The location of a pond will determine the quality and quantity of its water source. Whilst those ponds with fluctuating water levels and that dry out occasionally are very valuable (and often excellent for amphibians as top fish predators die), ponds that dry out annually are less so, and are often quickly taken over by invasive vegetation and tend to concentrate pollutants in the ever-decreasing waterbody.

It’s best to avoid locations where the landuse in the pond catchment area is intensive. Woodlands, heath and rough grasslands generally make better sites than arable or grassland where the ground is regularly disturbed or is likely to be high in nutrients. Avoid all sites where fertilisers or pesticides are applied and could run off.

If you intend to put a pond on ex-intensively farmed land it could be worth soil stripping in obvious water catchment areas.

Water vole by Bill StevensonAreas that receive run-off from roads, tracks, houses, yards or spoil heaps are also generally unsuitable.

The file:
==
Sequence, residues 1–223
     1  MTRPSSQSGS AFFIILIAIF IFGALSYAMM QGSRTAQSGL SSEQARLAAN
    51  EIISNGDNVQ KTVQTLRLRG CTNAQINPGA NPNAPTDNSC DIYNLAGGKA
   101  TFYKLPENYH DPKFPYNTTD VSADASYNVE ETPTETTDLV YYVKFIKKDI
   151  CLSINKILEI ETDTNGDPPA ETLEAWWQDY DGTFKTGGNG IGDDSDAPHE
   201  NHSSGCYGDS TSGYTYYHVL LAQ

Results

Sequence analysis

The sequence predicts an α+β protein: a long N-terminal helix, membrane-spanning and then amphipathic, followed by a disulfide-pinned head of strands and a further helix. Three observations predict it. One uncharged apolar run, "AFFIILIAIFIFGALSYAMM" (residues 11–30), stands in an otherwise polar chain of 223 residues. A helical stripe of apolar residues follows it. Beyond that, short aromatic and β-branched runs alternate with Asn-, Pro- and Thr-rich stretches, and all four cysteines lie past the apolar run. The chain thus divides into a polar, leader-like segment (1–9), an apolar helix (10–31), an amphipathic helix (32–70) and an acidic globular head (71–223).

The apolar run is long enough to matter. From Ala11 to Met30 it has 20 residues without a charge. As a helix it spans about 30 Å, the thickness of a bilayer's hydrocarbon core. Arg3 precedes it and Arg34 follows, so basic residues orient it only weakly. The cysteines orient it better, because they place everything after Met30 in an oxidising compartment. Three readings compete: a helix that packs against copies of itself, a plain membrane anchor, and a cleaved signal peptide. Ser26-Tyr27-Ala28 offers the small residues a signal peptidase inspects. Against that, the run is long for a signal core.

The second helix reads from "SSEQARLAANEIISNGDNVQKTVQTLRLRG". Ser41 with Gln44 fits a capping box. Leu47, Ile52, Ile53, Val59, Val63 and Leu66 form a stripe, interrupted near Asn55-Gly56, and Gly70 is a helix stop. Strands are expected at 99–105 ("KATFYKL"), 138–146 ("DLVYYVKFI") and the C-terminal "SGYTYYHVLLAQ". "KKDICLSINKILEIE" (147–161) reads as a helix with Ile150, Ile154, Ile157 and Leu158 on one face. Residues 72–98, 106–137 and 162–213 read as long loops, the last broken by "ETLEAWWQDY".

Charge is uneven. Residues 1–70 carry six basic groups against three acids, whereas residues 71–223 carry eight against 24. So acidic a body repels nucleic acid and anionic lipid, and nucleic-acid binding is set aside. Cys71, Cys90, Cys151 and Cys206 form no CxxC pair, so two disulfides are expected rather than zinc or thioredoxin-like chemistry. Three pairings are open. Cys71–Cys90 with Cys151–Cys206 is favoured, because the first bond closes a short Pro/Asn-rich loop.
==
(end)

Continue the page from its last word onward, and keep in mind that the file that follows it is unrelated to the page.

Avoid drain arable ditch, steam or drain inflows into ponds as the water is usually quite polluted and likely to deposit polluted or enriched sediments. The extra silt could shorten a pond’s lifespan by centuries. With surface water seepage, the water is likely to be of a far better quality if the water is coming from less fertile or unfertilised ground.

Think carefully before locating ponds near to public paths or be prepared to design ways of mitigating against impacting on wildlife.

Planning permission and archaeology

Pond creation for anything other than livestock watering will usually require planning permission from your local district or borough council.

Ensure that your pond design looks appropriate in scale and design within the local landscape character and does not harm archaeological interest. If in doubt, take advice from the Trust and Suffolk County Council’s archaeological or landscape departments.